fred at cisco.com
Tue Feb 17 12:04:26 CST 2009
You already have a fair bit of information, but the short answer to
your question is...
Apart from a few special purposes addresses (see RFC 4291), IPv6
addresses are a cross between IPv4-style CIDR addressing and XNS/IPX/
ISO-style network+host addressing. Bits 0..63 of the address are a
CIDR prefix; there are various guidelines on what prefix lengths
should be allocated in various cases, but they are just that -
unenforceable and mutable. Bits 64..127 are a host part, which may be
a MAC Address, a random number, or pretty much anything else. The key
thing is that the host part is unique on a LAN.
There are probably four important prefix lengths in the world -
prefixes that might have special meaning, prefixes that get allocated
by IANA, prefixes that get allocated by RIRs, and prefixes that get
allocated to customers of ISPs. In general, IANA is treating IPv6 much
like IPv4 - making sure that the RIRs have enough to work with. The
RIRs are also treating IPv6 much like IPv4, with the exception that
the rules require a lot less hoop-jumping. If folks need prefixes,
they hand them out. The one difference is that they are trying to
avoid PI addressing, as that is one of the major contributors to the
current explosion of the route table (the others being "long prefixes"
and "traffic engineering"). What to replace PI addressing with is a
topic of ongoing discussion - various ideas have been proposed but all
require some change to some business model or sacred cow somewhere,
meaning that any idea that is viable gets dismissed pretty rapidly,
something the folks who buy memory for routers will eventually pay the
price of unless that nonsense passes. Edge networks are edge networks;
they tend to assign subnets, or campuses with subnets in them.
On Feb 17, 2009, at 8:59 AM, Carl Rosevear wrote:
> So, I understand the main concepts behind IPv6. Most of my peers
> understand. We all have a detailed understanding of most things
> IPv4. I have Googled and read RFCs about IPv6 for HOURS. That
> said, to quickly try to minimize people thinking I am an idiot who
> asks before he reads, I need some answers. First of all, several of
> my friends who feel they are rather authoritative on the subject of
> things network-related have given me conflicting answers. So what's
> the question? ...
> How does IPv6 addressing work?
> I know it's been hashed and rehashed but several orgs I am
> associated with are about to ask for their allocations from ARIN and
> we are all realizing we don't really know how the network / subnet
> structure trickles down from the edge to the host. We really don't
> have a firm grasp of all of this as there seems to be multiple
> options regarding how many addresses should be assigned to a host,
> if the MAC address should be included in the address or if that is
> just for auto-configuration purposes or what the heck the deal is.
> There are a lot of clear statements out there and a lot that are
> clear as mud. Unfortunately, even when trying to analyze which RFC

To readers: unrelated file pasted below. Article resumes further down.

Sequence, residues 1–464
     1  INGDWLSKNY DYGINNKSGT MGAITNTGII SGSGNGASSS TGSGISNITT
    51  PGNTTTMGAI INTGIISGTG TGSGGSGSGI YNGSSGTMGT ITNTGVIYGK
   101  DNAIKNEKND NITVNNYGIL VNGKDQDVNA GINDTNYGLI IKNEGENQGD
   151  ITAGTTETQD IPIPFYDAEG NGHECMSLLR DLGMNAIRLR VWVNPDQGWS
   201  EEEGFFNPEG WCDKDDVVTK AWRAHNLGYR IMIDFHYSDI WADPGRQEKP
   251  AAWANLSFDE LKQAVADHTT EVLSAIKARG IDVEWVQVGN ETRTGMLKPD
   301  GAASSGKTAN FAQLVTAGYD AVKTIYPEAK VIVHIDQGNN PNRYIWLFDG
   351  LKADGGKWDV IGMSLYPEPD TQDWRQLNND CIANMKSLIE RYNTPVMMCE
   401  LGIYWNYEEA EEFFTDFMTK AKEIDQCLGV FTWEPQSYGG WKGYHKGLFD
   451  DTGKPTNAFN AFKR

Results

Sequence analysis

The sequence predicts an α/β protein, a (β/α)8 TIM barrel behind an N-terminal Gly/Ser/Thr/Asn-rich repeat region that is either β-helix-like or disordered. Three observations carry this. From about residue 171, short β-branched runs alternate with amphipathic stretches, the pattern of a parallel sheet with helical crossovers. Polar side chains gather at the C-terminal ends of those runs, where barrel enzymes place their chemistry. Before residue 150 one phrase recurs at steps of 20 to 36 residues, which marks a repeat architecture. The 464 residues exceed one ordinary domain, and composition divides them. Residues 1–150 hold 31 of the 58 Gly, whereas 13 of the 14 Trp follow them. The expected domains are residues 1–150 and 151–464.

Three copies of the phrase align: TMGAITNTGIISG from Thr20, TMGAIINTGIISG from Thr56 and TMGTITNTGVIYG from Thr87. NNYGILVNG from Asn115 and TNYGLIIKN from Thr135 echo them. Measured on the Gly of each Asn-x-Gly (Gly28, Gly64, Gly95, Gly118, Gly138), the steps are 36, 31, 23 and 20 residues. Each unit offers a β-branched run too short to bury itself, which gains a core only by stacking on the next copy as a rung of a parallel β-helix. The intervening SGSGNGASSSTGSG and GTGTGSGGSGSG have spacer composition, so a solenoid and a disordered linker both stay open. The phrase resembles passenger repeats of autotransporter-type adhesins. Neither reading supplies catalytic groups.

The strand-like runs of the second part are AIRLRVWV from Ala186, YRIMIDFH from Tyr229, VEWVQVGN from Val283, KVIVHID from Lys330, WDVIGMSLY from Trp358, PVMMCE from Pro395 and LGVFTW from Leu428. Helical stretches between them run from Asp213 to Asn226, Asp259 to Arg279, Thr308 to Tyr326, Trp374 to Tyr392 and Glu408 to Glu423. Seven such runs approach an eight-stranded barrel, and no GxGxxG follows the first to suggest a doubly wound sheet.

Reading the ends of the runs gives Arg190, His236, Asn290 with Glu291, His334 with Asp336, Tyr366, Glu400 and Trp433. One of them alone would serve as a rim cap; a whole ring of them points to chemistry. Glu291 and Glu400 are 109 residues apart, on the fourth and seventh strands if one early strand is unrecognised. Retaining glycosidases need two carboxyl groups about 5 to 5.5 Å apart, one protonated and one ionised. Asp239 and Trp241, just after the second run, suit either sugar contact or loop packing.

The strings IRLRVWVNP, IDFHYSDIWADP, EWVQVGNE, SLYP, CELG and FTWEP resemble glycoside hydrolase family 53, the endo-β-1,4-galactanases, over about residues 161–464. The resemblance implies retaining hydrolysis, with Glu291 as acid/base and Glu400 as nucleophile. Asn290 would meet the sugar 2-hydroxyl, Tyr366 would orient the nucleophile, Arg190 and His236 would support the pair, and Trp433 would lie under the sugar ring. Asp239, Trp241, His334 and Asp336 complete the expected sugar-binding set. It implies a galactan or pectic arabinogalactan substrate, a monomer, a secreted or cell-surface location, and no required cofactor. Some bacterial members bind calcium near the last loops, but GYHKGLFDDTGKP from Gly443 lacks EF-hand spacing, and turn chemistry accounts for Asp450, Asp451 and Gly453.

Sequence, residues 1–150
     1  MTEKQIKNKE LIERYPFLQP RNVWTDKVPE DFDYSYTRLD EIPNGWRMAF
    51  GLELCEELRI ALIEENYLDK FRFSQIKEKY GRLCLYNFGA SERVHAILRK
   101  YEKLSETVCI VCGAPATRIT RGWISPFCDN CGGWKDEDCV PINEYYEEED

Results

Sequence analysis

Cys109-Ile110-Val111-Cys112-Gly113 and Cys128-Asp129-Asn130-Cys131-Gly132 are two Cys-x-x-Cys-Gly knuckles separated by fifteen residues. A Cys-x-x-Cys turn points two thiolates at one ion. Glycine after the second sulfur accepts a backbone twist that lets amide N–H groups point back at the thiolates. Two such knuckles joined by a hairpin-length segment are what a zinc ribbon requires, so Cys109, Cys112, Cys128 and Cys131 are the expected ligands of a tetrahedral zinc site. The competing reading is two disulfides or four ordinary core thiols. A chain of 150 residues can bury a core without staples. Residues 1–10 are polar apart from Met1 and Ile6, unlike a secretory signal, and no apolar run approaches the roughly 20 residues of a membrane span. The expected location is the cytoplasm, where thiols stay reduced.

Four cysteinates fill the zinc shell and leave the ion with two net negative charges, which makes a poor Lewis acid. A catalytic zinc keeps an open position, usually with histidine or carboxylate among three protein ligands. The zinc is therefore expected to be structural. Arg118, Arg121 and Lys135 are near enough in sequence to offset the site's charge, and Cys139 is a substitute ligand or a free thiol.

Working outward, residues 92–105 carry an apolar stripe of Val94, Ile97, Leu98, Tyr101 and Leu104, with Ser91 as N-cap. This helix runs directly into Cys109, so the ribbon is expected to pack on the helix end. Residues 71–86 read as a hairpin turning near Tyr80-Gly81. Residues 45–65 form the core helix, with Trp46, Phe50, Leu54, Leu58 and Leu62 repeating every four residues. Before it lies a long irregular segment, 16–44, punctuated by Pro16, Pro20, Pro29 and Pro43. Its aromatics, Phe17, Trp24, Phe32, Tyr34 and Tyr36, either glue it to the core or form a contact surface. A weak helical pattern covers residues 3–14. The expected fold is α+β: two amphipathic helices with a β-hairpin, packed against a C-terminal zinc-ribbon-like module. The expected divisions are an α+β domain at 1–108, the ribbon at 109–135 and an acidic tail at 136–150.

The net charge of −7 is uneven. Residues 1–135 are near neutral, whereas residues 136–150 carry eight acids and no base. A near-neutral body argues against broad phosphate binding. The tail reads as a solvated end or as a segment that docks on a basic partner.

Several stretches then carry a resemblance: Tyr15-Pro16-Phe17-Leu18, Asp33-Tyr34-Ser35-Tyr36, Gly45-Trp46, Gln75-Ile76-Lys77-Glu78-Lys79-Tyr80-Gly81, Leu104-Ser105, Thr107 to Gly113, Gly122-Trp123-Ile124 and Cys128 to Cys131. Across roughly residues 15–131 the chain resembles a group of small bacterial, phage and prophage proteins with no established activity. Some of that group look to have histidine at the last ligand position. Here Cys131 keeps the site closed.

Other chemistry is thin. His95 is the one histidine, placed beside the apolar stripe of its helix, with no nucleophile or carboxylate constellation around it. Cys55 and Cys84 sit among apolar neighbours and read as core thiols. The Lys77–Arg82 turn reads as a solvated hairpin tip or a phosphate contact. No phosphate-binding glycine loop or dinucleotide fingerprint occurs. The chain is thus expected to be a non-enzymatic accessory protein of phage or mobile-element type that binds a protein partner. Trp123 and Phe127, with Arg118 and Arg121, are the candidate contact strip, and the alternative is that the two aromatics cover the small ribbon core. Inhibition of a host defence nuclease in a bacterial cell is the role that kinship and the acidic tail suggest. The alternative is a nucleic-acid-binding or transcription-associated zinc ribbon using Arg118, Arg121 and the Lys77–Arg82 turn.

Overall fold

> superseded another. Can I just subnet it all like IPv4 but with
> room to grow or is each host really going to need its own /84 or
> something? I can't see why hosts would need any more addresses than
> today but maybe I'm missing something because a lot of addressing
> models sure allow for a huge number of unique addresses per host.
> My buddy and I are about to go to Barnes and Noble, not having and
> luck with standard internet media but then we realized... how will
> we know if any of that is really what we are looking for either?
>> From what I can tell, this may still be a question of great
>> debate. Everyone seems to act like they know exactly what's going
>> on but behind closed doors admits that they don't really know x, y,
>> or z. I realize this is typical of my industry and even myself
>> from time to time. J
> But so I am truly reaching out here. What is the deal with IPv6
> addressing and subneting? Where is the official guide to this new
> galaxy? I will be sure to pass this information on to my equally
> less clueful peers to the benefit of all of us that are making this
> There are people here at my company that seem to get it but can't
> seem to explain it clearly to me. To me, its basically just larger
> addressing space with some new logical boundaries.... But there are
> so many discussions of potential addressing methods that I am
> confused. I know from my lab setups that I can "make it work" but
> I'd like to "do it right". J
> I've been doing this for over 10 years now... IPv4 is native to
> me. If you can point me in the direction of some good,
> authoritative information or even say "Dood, go get IPv6 for
> dummies", that's fine I just need to know where to find some good
> Can someone say "well, you know how it would be nice to have like
> 100 different addresses on hosts to differentiate services and blah
> blah.... Well now that's what you account for and so then you know
> how a /24 almost always ends up being tight in IPv4? Right, so
> think of your basic bit boundaries that you adhere to as /??
> And /??? In IPv6." Or "Throw all that old thought out the
> window. Now its kind of like how the Ford Probe is actually a
> Mazda... ummm.... Yeah I can't really explain it either but it
> makes sense. Here read this book and it'll make sense to you too."
> Respectfully yours,
> Carl Rosevear
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